Bow City seeks a savior

As residents of the Bow City district were agitating for the construction of any kind of bridge across the Bow in early 1914, the boosters of the village continued their promotional efforts, in-spite of the community’s obvious deficiencies.

The fortunes of the settlement appeared on the rise at the end of January, as the Brooks Bulletin reported that a Denver, Colorado businessman had made inquiries about locating a brick manufacturing industry in the city.

Hot on the heels of this news, C.R. Henderson, promoter of the Bow City Collieries Railway Co. offered assurances to the investing public that the railroad was still in the works, insisting that work on the rail road “[would] be pushed forward rapidly in the spring.”

There did appear to be something to this, briefly, as in mid-February the Lethbridge Herald reported that the promoters of the Prairie Coal Co. townsite had met in Lethbridge to ratify an agreement with H.M. Dunning, he of the New York capital, for the construction of a railroad line to Cassils on the C.P.R. main line. Unfortunately for those in attendance, both Mr. Dunning and his cheque book were no-show’s, as the financier was reportedly “detained in Edmonton.”

With it now appearing that the Bow River Collieries efforts to secure financing were derailed for good, reports again surfaced that yet another railway would be picking up where the previous venture had left off.

On March 21, 1914, the Brooks Bulletin reported that a new railway, the High River and Hudson Bay Railway Co., was being surveyed and would “be of considerable profit to Brooks.”:

“The High River, Saskatchewan railway, which was granted a charter by parliament last week, is having its right of way surveyed and will go through Brooks according to a surveying party who were in town recently, and who are expected back next week.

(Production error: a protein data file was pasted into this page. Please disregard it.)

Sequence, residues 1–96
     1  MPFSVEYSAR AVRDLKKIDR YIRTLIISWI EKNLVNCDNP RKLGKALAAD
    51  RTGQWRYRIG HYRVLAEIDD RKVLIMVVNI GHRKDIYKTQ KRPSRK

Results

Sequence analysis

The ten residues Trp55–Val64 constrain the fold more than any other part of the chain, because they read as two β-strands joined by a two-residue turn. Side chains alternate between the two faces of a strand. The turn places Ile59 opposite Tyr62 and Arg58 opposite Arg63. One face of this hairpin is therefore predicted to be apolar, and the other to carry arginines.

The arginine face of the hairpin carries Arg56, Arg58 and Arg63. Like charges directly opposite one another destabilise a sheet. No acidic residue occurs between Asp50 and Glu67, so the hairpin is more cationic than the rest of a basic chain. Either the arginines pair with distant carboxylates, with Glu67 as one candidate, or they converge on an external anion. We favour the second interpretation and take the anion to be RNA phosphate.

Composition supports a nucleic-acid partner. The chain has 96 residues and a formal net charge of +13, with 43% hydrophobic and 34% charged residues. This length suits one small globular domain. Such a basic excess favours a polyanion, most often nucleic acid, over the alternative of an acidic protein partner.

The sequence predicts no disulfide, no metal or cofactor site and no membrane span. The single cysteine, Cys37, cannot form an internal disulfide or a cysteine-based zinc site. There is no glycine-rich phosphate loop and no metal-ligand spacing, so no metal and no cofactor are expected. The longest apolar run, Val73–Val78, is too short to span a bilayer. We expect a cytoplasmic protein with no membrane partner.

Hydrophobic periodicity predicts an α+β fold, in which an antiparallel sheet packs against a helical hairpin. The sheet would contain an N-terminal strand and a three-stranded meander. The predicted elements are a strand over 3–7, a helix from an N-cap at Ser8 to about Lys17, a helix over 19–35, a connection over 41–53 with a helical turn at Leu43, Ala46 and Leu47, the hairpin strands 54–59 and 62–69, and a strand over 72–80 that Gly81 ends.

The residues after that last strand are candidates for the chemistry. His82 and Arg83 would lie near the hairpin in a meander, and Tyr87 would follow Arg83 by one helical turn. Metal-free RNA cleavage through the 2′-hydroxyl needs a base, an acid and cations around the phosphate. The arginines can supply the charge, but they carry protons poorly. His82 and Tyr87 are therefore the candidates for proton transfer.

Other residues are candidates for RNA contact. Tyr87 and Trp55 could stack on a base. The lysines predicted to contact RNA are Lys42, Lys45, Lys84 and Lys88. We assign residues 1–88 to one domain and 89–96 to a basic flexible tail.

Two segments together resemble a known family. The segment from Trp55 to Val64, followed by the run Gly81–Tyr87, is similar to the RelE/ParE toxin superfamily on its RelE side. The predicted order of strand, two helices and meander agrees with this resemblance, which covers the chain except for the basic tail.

This railway is to pass through Bow City, coming from High River, and will continue easterly from Brooks to Saskatchewas [sic], Saskatoon being named the terminal the [sic]. The railway will be continued form Michel B.C. to High River, making complete connecting system from the mountains to Saskatoon”

Two days later, reports from the Lethbridge Herald’s correspondent in the Wheat Centre district, approximately 10 miles southwest of Bow City, seemed to confirm this development, as a survey party had been spotted making its way through the country four miles north of there. The correspondent offered much speculation as to the survey party’s destination (Bow City), who was behind the survey (Hudson Bay Railway) and why they were headed there:

“Some people say the officials of the Bow City Coal Co. have abandoned the idea of a railroad from Cassels [sic] to Bow City, and intend building it to Retlaw, so as to avoid constructing a bridge across the Big Bow River. “

With the future of the Bow River Collieries Railway Co. (and by association Bow City) looking solidly in-doubt, the Bow City Board of Trade received a boost from an unlikely source: Jno. Perrie, Deputy Minister of Municipalities. Perrie, who had twice turned down requests from the Bow City Board of Trade to incorporate their community, requested on April 24 that municipal inspector A.D. Fidler visit the settlement and report on the actual number of dwellings in the settlement:

“Also look into the questions as to whether or not there is likely to be a permanent settlement as it would appear for the advertizing (sic) they have been doing that it has been a sort of real estate scheme, and as we have been up against several similar propositions as of late, I wish to be very careful about recommending incorporation in any case if this kind where there is any doubt as to the stability of the place or as to the actual number of occupied dwelling houses, and also as to the area.”

Mr. Fidler would set off for the village shortly afterward, arriving in Bow City on May 2, 1914.

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